As such, Pacific Iron 2021 is set to be a significant demonstration of the Air Force's ability to muster up a large number of some of its most advanced stealth fighters, in addition to showing off the service's force projection capabilities more generally. How the Raptors actually perform will be an important reflection of the real capabilities the fleet has to offer.
This could also be doubly significant now that the service is openly talking about planning for the end of the F-22's career and the potential replacement of these jets with a new sixth-generation fighter in development as part of the larger Next Generation Air Dominance (NGAD) program, which you can read more about in detail here. Air Force officials have separately talked about the importance of NGAD program, as well as future upgrades to its fleet of F-35A Joint Strike Fighters, to winning conflicts in the Pacific region, especially any potential future altercations with China.
Pacific Iron 2021 will notably come around a month after the People's Liberation Army (PLA) sent 28 military aircraft into the southwestern corner of Taiwan's Air Defense Identification Zone, or ADIZ. This was the largest number of Chinese sorties in that area since the PLA began sending planes there on a near-daily basis back in 2020 and came after authorities in Beijing had reacted angrily to criticism of Chinese policies on various issues from the G7 group of industrialized nations, which includes the United States.
As already noted, Pacific Iron 2021 will also be yet another demonstration of the Air Force's ongoing development of new concepts of operations surrounding rapid deployments and distributed operations, which the service presently refers to as Agile Combat Employment (ACE). This is all heavily tied to broader efforts to be more prepared for higher-end conflicts, particularly in the Pacific, and to rely less on established bases. Andersen Air Force Base on Guam, a key strategic American military outpost in the region, would be a primary target in any large-scale fight with a near-peer adversary in the Pacific region, such as China.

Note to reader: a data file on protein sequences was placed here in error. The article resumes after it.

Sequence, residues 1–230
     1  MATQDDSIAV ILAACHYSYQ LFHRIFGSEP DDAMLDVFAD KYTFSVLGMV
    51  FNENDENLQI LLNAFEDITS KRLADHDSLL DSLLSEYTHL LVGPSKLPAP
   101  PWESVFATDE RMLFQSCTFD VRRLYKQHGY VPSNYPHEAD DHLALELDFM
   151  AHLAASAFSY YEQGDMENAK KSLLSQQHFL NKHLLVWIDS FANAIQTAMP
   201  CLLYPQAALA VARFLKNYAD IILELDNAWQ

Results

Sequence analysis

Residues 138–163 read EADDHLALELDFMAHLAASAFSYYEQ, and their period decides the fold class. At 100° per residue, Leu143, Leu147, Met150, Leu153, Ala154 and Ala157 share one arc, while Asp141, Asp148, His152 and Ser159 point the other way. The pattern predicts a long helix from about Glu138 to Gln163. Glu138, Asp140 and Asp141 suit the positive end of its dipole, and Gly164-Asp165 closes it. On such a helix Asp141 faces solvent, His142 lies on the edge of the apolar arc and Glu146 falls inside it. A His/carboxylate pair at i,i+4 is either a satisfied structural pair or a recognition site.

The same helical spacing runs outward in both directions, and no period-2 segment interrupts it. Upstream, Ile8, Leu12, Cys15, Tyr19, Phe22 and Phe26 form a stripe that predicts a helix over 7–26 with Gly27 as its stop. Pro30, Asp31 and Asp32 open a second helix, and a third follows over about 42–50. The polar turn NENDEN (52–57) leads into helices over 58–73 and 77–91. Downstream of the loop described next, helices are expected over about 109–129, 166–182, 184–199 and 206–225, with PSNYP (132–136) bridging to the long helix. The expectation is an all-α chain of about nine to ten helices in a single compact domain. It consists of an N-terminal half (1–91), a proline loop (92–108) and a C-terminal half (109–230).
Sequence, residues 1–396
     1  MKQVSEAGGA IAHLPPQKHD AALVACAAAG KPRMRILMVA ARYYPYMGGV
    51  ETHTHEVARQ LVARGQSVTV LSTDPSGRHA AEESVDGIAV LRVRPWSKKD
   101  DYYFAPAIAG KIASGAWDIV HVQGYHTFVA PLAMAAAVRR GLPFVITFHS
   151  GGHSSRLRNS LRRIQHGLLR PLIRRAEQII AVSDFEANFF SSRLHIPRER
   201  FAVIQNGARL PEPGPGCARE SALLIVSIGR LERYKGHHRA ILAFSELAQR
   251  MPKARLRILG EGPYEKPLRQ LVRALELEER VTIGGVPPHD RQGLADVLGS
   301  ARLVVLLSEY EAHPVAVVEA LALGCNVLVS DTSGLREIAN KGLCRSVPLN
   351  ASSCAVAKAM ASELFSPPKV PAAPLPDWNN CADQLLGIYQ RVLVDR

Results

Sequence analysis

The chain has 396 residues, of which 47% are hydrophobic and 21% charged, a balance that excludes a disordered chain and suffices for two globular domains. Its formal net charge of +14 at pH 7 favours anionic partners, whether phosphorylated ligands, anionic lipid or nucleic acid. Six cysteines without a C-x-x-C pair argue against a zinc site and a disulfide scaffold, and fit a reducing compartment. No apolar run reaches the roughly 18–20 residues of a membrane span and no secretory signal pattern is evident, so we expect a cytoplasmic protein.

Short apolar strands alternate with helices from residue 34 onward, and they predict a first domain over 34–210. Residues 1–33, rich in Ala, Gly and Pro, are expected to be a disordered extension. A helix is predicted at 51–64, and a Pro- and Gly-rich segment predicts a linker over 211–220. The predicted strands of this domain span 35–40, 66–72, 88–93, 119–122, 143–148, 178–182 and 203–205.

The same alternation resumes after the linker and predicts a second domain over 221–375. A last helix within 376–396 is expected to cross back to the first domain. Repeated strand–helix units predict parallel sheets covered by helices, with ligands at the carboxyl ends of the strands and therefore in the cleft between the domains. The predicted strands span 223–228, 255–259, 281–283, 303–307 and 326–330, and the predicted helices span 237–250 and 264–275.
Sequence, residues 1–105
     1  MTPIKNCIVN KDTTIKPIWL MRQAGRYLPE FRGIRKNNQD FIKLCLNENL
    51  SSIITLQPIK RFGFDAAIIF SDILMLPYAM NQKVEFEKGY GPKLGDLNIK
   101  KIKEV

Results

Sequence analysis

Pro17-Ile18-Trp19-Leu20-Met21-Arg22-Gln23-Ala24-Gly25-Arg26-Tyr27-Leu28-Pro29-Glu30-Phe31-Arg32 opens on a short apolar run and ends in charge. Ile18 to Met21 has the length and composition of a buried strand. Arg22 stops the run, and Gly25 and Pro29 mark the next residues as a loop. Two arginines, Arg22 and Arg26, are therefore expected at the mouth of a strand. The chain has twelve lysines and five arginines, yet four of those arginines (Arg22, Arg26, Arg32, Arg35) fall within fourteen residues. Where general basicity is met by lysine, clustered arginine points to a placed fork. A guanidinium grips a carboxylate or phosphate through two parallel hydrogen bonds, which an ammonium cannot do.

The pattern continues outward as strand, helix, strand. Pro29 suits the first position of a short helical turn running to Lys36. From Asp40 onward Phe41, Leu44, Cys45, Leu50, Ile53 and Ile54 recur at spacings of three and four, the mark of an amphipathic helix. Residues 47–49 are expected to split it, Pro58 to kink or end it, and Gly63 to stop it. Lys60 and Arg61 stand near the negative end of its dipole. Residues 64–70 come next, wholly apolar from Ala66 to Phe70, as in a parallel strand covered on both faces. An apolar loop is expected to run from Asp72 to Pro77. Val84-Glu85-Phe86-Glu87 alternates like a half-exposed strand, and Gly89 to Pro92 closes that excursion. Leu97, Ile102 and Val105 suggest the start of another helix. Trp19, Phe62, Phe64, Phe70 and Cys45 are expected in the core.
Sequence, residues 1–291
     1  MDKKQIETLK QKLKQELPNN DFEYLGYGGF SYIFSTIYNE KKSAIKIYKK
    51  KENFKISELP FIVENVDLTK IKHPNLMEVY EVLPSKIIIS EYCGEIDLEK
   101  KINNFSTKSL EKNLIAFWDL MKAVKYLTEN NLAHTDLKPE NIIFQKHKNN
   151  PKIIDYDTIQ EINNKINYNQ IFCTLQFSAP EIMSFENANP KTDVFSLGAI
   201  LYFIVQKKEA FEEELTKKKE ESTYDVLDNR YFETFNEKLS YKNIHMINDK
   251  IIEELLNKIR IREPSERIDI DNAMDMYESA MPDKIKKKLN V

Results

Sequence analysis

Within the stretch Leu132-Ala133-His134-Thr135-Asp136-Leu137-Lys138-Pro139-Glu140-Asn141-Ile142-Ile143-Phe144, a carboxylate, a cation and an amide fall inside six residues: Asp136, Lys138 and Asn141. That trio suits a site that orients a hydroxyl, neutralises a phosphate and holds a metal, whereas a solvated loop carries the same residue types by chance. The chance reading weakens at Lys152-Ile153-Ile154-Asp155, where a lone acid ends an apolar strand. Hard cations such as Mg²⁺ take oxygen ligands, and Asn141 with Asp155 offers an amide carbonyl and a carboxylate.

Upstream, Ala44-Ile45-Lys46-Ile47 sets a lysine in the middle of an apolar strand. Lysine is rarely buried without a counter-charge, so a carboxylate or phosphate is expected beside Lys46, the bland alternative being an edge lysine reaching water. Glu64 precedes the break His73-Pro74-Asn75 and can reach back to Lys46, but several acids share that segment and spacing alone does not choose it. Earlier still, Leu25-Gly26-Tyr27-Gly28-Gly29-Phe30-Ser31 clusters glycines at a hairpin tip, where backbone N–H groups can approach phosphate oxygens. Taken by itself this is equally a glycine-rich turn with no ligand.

This reality has already pushed the Air Force to work on expanding the available facilities at Guam's Northwest Field, as well as on Tinian, among other locations in the Pacific, to provide alternative basing options. Earlier this year, some of the service's F-35As, as well as F-16C/D Viper fighter jets, deployed to Northwest Field to demonstrate that airstrip's ability to handle more robust combat aviation operations. Before recent improvements were made, it was only able to accommodate C-130-type cargo aircraft and helicopters.
Altogether, it will be very interesting to see how Pacific Iron 2021 plays out and what conclusions the Air Force might draw about its Agile Combat Employment concept, as well as about the future of its F-22s as those jets get closer to the twilight of their careers.